Publications in Scientific Journals:
H. Böhm, L.G. Briarty, K.C. Lowe, J.B. Power, E. Benes, M.R. Davey:
"Quantification of a novel h-shaped ultrasonic resonator for separation of biomaterials under terrestrial gravity and microgravity conditions";
Biotechnology and Bioengineering,
A novel, h-shaped ultrasonic resonator was
used to separate biological particulates. The effectiveness
of the resonator was demonstrated using suspensions
of the cyanobacterium, Spirulina platensis. The key
advantages of this approach were improved acoustic
field homogeneity, flow characteristics, and overall separation
efficiency ( = 1 - ratio of concentration in cleared
phase to input), monitored using a turbidity sensor. The
novel separation concept was also effective under microgravity
conditions; gravitational forces influenced overall
efficiency. Separation of Spirulina at cleared flow rates of
14 to 58 L/day, as assessed by remote video recording,
was evaluated under both microgravity ( 0.05g) and terrestrial
gravity conditions. The latter involved a comparison
with 5- and 24-µm-diameter polystyrene microspheres.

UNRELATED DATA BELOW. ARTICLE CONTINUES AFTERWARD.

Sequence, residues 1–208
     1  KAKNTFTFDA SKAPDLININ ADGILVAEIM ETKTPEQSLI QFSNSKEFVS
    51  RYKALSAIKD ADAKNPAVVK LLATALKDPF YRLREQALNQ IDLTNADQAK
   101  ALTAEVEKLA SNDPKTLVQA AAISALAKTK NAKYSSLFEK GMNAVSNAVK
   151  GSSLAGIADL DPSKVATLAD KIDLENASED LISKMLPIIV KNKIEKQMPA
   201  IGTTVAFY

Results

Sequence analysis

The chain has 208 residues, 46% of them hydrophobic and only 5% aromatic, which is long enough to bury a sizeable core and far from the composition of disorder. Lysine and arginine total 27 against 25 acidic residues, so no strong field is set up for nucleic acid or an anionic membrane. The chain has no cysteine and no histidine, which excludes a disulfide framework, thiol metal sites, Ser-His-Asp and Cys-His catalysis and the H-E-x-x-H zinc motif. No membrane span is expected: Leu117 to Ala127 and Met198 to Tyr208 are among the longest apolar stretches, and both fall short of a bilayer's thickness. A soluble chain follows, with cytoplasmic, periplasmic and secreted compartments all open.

Influences of gravity on were evaluated by
varying the relative inclination angle (within a range of
120°) between the resonator and the gravitational vector.
Cells of Spirulina behaved in a manner comparable to
that of the 5-µm-diameter polystyrene microspheres,
with a significant decrease in mean (±SE, n = 3) from
0.97 ± 0.03 and 0.91 ± 0.02 at a flow rate of 14 L/day, to
corresponding values of 0.53 ± 0.05 and 0.57 ± 0.03 (P <
0.05) at 58 L/day, respectively. During a typical microgravity
period of ca. 22 s, achieved during the 29th ESA
Parabolic Flight Campaign, was unchanged at a flow
rate of 14 L/day, compared with terrestrial gravity conditions;
with increased flow rates, was significantly reduced.
Overall, these results demonstrate that, for optimum
resonator performance under the relatively short
microgravity period utilized in this study, flow rates of ca.
14 L/day were preferred. These data provide a baseline
for exploiting noninvasive, compact, ultrasonic separation
systems for manipulating biological particulates under
microgravity conditions. © 2003 Wiley Periodicals, Inc.
Biotechnol Bioeng 82: 74-85, 2003.
Keywords: acoustic separation; cell trapping; microgravity,
polystyrene microspheres; Spirulina platensis; ultrasonic
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